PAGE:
New National Vulnerability Database visualizations and feeds

Recently, the National Institute of Standards and Technology (NIST) introduced a new version of National Vulnerability Database (NVD) website.

NIST NVD new site

I will not say that I liked this redesign:

new NVD website

IMHO, old website with US flag was much prettier and useful:

old NVD website

But the very fact that the site is developing, I really like very much. Let’s see what’s new there.

Very nice news that now you can download NVD feeds in JSON format.

new feeds

Here is the direct link

nvd feed json download

I have nothing against xml, but you must admit it’s much nicer when you can get data in a form of a python dict automatically. Analysis of this format is a topic for another post, but believe me, it’s quite simple and pretty obvious. =)

Secondly, they added some visualizations. Now you can see which CVEs were processed recently (adds CVSS vectors). They are displayed on the main page “Latest 20 scored vulnerabilities from the NVD”:

latest scored vulnerabilities

Note many CVEs from 2015 in this list, not only fresh vulnerabilities from 2017.

At you can see the diagrams for vulnerabilities. It’s certainly not a yet, but way better than nothing. 😉

For example, Relative Vulnerability Type Totals By Year. It is a bit confusing that some years get out from 100%. 😉 Apparently because the same vulnerability can have several CWEs and the diagram is incorrectly drawn.

vulnerability type totals

The same picture redrawn in a slightly different form (Vulnerability Type Change by Year):

vulnerability type changes

The positive thing is that over time the number of vulnerabilities with”other” CWE becomes much smaller. This means that the classification process is going well.

Here you can see vulnerabilities by product vendor (CPE):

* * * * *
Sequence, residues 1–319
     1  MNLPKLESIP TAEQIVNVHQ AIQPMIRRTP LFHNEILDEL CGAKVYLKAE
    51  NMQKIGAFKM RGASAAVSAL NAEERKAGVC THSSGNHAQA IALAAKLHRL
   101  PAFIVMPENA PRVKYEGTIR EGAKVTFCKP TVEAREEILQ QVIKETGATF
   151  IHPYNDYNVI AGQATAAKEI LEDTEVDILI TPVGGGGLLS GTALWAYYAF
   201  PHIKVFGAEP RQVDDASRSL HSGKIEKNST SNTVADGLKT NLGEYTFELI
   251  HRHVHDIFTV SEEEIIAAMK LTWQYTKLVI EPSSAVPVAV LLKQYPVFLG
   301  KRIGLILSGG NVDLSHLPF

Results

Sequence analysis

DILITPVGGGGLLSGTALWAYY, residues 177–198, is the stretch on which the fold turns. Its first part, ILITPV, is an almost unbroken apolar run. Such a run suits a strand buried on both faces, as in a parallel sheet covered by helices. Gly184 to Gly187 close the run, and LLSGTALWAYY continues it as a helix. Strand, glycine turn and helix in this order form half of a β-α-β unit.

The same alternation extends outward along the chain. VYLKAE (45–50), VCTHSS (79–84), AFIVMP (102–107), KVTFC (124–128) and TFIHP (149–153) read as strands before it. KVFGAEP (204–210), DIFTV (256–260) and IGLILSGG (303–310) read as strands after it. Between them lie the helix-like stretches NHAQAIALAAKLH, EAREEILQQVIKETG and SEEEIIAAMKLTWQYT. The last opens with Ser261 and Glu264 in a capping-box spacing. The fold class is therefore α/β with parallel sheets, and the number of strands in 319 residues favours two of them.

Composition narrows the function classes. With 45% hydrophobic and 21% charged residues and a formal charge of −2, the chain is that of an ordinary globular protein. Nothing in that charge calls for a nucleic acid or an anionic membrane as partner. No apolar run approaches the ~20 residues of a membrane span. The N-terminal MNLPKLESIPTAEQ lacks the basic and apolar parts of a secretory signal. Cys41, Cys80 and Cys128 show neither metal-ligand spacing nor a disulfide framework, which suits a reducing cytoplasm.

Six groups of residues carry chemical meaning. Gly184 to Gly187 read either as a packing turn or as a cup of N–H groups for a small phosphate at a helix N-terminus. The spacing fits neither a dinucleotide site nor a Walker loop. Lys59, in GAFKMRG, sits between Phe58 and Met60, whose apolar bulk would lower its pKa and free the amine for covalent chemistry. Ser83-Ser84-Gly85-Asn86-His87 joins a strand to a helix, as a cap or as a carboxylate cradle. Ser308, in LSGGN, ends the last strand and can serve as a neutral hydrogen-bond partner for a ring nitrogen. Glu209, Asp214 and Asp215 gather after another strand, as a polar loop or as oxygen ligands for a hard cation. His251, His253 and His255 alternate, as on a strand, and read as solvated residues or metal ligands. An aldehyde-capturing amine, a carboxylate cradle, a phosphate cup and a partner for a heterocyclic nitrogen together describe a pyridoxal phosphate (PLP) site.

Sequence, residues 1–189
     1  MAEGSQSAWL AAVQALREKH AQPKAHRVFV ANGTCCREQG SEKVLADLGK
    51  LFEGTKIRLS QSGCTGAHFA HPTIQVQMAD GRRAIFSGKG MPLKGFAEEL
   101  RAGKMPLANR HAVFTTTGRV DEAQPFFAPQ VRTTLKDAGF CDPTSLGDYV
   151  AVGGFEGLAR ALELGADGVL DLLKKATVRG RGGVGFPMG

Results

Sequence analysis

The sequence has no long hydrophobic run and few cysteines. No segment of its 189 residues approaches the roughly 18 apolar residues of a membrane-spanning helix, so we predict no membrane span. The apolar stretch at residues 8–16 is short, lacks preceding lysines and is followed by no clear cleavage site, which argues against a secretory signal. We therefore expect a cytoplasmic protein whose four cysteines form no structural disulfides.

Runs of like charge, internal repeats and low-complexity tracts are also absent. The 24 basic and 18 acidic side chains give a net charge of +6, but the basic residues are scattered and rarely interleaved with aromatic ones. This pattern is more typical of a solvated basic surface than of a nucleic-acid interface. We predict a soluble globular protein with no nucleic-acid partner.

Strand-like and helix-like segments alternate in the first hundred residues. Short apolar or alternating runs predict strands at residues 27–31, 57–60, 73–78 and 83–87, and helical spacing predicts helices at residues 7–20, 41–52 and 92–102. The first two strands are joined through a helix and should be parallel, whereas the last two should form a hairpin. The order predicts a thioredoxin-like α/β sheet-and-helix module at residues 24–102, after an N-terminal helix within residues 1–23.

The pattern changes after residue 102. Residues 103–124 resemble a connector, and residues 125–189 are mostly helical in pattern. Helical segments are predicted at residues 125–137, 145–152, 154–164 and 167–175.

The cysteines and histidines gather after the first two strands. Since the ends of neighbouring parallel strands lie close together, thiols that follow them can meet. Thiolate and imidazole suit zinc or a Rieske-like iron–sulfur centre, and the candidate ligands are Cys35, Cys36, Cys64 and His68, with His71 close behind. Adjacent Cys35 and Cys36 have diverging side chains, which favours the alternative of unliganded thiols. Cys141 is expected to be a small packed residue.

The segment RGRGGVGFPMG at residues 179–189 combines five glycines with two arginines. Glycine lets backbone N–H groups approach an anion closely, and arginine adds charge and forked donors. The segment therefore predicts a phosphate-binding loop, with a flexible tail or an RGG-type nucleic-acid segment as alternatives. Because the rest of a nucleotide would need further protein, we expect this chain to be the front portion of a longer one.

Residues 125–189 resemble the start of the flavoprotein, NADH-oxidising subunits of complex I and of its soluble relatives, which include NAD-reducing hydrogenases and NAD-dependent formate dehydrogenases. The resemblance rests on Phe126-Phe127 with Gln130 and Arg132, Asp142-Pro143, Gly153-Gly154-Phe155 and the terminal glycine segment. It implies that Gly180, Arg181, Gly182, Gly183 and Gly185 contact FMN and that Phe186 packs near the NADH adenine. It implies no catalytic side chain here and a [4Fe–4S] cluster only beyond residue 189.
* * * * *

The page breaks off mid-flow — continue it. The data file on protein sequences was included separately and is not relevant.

cpe stat

As usual, it’s very tempting to make a conclusion that Cisco products are most vulnerable. Of course it is not true. This only means that the vulnerabilities of Cisco products are described better than others.

And here is a picture for the checklists (NCP), where situation is less clear.


What was the idea. NIST has created a protocol for describing security content – SCAP. The main part of this protocol was OVAL – the standard that can be used to describe desirable state of a system using a set of criteria. You can see examples of OVAL content on Center for Internet Security OVAL repository. OVAL is a universal tool, however the most common usage of OVAL standard and SCAP is for describing secure configurations, for example, USGCB. Well, the actual National Checklist Program is a collection of such content in one of the four states:

  • IV – Will work in SCAP validated tool
  • III – Should work in SCAP validated tool
  • II – Non-SCAP automation content
  • I – Non-automated prose content

And, as we can see, the number of checklists that will exactly work in certified SCAP solutions not increases over time, but decreases. Imho, that can be because SCAP protocol is constantly changing and the certification process is changing, and there is no real motivation to make SCAP content, and especially to pass formal verification:

checklist requirements

Note that the date on the diagram is the date of initial publication, not the last update.  If we look for the checklists of the search engine, we can see tier IV content that was updated in 2015 and 2016:

NCP search

One thought on “New National Vulnerability Database visualizations and feeds

  1. Pingback: Downloading and analyzing NVD CVE feed | Alexander V. Leonov

Leave a Reply

Your email address will not be published. Required fields are marked *